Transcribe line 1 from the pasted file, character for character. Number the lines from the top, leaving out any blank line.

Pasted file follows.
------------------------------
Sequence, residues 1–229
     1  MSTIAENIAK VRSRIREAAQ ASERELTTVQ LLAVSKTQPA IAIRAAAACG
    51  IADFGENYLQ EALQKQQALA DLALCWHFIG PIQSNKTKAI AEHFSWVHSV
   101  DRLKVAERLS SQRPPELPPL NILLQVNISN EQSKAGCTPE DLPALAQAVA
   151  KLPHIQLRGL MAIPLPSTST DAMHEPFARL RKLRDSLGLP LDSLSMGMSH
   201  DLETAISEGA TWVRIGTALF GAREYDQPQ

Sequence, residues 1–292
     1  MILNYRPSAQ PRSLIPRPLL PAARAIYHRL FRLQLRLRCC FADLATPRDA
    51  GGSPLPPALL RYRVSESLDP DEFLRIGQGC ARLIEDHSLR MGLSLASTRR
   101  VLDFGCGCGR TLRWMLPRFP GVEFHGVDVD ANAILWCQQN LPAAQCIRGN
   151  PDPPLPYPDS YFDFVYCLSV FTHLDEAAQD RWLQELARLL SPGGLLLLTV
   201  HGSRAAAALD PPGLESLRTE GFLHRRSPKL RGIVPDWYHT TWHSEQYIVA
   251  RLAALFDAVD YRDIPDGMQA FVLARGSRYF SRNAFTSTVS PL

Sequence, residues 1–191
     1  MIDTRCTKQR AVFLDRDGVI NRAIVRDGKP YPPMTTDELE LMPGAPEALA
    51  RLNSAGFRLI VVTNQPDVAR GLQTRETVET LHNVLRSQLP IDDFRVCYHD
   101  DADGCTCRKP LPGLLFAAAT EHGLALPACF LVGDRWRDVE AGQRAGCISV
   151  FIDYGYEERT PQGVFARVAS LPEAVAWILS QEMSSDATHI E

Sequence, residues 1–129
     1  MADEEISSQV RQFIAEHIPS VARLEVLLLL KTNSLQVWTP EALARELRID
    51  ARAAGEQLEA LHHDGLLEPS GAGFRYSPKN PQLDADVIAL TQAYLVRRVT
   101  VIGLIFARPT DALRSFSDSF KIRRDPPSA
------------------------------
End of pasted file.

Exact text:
Sequence, residues 1–229